Tooele County, Utah

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Tooele County (pronounced /tuːˈɛlə/) is a county located in the U.S. state of Utah. As of 2000, the population was 40,735 and by 2005 was estimated at 51,311. Its county seat and largest city is Tooele.[1]

Tooele County is part of the Salt Lake City Metropolitan Statistical Area as well as the Salt Lake City–OgdenClearfield Combined Statistical Area. A article in 2008 identified Tooele as the U.S. county experiencing the greatest job growth since 2000.[2]



Evidence of several indigenous Native American groups has been found in Tooele County, but only the western Shoshone-speaking Goshute tribe claim the desolate lands as their ancestral home. The Goshute's traditional territory includes most of modern Tooele County.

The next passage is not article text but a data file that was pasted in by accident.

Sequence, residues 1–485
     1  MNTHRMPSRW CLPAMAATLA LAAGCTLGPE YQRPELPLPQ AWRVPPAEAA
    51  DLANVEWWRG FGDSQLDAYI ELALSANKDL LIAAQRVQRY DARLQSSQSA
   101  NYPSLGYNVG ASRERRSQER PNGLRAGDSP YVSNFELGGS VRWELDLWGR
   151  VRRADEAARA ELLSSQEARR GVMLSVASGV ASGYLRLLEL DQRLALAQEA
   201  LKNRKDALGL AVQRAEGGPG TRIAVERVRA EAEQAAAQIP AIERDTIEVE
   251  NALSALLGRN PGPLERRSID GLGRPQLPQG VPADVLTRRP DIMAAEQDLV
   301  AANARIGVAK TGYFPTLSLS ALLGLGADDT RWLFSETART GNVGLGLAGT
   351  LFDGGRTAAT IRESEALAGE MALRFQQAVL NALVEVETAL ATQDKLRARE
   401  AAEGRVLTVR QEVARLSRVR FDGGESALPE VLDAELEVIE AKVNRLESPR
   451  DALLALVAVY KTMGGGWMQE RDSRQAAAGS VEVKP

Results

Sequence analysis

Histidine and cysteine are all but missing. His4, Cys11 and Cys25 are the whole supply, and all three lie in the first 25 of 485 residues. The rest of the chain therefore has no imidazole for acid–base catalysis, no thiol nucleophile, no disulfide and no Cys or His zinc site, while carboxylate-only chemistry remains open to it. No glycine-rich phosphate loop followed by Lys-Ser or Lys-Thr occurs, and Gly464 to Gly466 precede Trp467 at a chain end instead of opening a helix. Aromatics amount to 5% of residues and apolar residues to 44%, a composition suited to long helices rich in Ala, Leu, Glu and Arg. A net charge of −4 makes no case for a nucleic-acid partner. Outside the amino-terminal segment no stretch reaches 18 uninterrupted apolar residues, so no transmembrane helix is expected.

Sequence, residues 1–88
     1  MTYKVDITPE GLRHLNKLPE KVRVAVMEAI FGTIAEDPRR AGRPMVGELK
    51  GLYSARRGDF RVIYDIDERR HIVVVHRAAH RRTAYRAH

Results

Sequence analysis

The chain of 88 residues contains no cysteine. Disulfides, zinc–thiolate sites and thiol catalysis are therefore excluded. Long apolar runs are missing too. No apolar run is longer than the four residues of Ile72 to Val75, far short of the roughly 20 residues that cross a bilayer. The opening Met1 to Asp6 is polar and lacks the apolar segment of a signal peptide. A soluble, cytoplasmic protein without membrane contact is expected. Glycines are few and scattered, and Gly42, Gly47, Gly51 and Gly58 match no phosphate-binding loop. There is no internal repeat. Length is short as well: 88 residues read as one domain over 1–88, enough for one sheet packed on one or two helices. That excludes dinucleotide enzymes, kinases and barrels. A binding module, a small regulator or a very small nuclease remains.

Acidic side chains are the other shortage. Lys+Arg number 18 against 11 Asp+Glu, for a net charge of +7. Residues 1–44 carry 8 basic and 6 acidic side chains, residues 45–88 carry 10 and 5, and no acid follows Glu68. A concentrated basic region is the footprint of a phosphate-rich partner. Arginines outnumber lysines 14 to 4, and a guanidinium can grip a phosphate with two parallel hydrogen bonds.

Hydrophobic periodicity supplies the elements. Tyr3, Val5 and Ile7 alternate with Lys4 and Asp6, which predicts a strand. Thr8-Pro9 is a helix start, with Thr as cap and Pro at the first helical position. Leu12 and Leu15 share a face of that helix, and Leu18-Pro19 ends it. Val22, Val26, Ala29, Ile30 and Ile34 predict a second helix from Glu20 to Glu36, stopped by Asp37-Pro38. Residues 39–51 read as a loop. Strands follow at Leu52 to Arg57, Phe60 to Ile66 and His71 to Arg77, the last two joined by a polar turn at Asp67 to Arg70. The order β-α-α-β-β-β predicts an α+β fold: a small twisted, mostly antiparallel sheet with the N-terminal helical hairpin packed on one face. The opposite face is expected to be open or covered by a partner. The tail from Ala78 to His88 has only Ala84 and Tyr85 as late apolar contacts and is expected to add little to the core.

In 1849, the first whites, Latter-day Saints led by Ezra T. Benson established permanent settlement in the area. Building a sawmill, the settlement was called "E.T. City" after Benson. The territorial legislature first designated Tooele County—initially called "Tuilla"—in January 1850 with significantly different boundaries. It is thought that the name derives from a Native American chief, but controversy exists about whether such chief lived. Alternate explanations hypothesize that the name comes from "tu-wanda", the Goshute word for "bear", or from "tule", a Spanish word of Aztec origins meaning "bulrush". Tooele was one of the six original counties in Deseret, which would become Utah Territory.

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